Home News Be Prepared, Be Proactive and Practice to Deal with Cyber Threats: Verizon

Be Prepared, Be Proactive and Practice to Deal with Cyber Threats: Verizon

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According to the latest Verizon Data Breach Investigations Report and the Verizon Insider Threat Report by American telecommunications company, Verizon, businesses are now more aware than ever of how cybercrime could impact their reputation, and their bottom line. In an industry which has always been marred by lack of cybersecurity talent and cybersecurity being an afterthought, the study highlights a change of thought and trend. It continues to highlight how security has become a boardroom topic.

The company had often stressed on how cyber-threats and trends that should be on every organization’s radar in its annual reports in the last three years. According to the report, it is not only important to understand the threat landscape but also have a comprehensive approach toward dealing with cybersecurity incidents.

“Companies think that having an IR Plan on file means they are prepared for a cyber-attack. But often these plans haven’t been touched, updated or practiced in years and are not cyber-incident-ready,” comments Bryan Sartin, Executive Director, Verizon Global Security Services. “Having an out-of-date plan is just as bad as having no plan at all. IR Plans need to be treated as ‘living documents’, regularly updated, and breach scenarios practiced in order for them to be truly effective,” Verizon said in a statement.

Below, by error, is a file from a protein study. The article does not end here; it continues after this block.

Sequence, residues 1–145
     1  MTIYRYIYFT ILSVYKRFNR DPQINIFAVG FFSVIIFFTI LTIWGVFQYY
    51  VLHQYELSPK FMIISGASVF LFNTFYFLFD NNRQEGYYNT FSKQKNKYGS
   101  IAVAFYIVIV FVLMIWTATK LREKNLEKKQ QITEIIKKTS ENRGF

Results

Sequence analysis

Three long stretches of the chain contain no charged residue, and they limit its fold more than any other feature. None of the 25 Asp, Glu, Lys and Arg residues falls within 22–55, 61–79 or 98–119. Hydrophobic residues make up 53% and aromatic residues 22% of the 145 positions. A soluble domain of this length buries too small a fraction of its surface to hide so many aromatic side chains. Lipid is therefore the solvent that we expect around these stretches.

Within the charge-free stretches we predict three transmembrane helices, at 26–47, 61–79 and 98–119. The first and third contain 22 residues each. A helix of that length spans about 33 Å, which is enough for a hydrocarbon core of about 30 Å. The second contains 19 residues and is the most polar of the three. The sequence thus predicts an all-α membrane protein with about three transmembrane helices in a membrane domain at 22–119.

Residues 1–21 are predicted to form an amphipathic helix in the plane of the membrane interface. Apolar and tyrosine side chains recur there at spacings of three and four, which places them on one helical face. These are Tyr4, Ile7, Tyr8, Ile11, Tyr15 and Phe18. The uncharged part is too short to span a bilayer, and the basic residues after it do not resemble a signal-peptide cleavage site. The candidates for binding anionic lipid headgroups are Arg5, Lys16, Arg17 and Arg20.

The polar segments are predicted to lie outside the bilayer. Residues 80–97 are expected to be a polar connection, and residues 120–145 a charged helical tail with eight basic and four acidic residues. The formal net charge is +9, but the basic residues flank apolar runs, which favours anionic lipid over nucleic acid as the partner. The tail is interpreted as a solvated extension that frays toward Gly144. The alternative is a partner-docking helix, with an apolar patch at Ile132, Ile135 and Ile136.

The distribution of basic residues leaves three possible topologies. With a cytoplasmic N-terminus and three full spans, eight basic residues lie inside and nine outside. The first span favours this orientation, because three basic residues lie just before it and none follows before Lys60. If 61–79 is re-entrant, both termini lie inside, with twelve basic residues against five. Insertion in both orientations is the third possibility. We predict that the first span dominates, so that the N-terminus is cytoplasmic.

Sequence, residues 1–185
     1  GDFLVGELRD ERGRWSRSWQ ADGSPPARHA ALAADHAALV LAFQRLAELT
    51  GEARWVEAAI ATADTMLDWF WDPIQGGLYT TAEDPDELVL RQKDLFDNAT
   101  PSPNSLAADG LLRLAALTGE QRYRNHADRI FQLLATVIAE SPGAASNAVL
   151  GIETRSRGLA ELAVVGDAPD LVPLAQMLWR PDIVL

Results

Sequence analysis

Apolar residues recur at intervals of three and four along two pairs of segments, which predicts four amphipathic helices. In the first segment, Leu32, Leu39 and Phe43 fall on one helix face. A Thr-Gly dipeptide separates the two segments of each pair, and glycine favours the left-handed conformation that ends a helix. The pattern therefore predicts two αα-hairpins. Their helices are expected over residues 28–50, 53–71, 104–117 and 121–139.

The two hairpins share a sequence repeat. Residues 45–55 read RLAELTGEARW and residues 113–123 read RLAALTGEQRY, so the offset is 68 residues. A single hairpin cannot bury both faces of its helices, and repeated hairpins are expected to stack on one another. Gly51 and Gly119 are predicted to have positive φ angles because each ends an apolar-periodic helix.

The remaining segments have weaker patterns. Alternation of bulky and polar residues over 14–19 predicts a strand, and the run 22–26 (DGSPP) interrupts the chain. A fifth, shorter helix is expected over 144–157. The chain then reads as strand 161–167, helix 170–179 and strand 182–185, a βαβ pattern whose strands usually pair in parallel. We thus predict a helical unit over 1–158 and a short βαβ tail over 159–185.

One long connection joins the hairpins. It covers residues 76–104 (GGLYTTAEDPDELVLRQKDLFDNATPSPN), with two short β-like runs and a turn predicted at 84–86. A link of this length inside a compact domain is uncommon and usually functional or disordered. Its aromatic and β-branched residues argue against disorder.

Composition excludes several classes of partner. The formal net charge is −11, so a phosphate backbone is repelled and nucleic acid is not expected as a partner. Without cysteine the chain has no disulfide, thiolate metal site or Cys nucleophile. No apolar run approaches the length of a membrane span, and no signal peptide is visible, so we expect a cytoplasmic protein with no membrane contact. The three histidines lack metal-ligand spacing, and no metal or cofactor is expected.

John Grim from Verizon Threat Research Advisory Center (VTRAC) and Investigative Response Team said, “IR Plans can be kept current by including stakeholder feedback, lessons learned from breach simulation testing as well as intelligence insights on the latest cyber-tactics being used. This enables the plan to constantly re-create itself reflecting the ever-changing cyber-security landscape.”

Verizon has also identified six typical phases every incident response plan which begins with: Planning and preparation; Detection and validation; Containment and eradication; Containment and eradication; Collection and analysis; Remediation and recovery; and Assessment and adjustment.

In another study, according to research by Infosys Knowledge Institute (IKI), the research arm of Infosys, titled ‘Assuring Digital-Trust’ nearly half i.e. 48 percent of corporate boards and 63 percent of business leaders are actively involved in cybersecurity strategy discussions.

IKI surveyed 867 senior executives from 847 firms with annual revenues over US$500 million. These firms were from countries like the U.S., Europe, Australia and New Zealand (ANZ). The research points out that security has finally taken the center stage.

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